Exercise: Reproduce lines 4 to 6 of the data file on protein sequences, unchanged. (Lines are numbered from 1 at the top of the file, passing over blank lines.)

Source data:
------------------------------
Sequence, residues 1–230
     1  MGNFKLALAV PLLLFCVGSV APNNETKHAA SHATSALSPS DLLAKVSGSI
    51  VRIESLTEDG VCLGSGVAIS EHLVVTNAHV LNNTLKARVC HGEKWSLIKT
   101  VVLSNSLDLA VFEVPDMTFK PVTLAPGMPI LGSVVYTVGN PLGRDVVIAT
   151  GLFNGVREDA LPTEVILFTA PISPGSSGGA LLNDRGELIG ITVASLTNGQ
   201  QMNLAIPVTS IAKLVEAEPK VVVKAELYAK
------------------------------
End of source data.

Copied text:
   101  VVLSNSLDLA VFEVPDMTFK PVTLAPGMPI LGSVVYTVGN PLGRDVVIAT
   151  GLFNGVREDA LPTEVILFTA PISPGSSGGA LLNDRGELIG ITVASLTNGQ
   201  QMNLAIPVTS IAKLVEAEPK VVVKAELYAK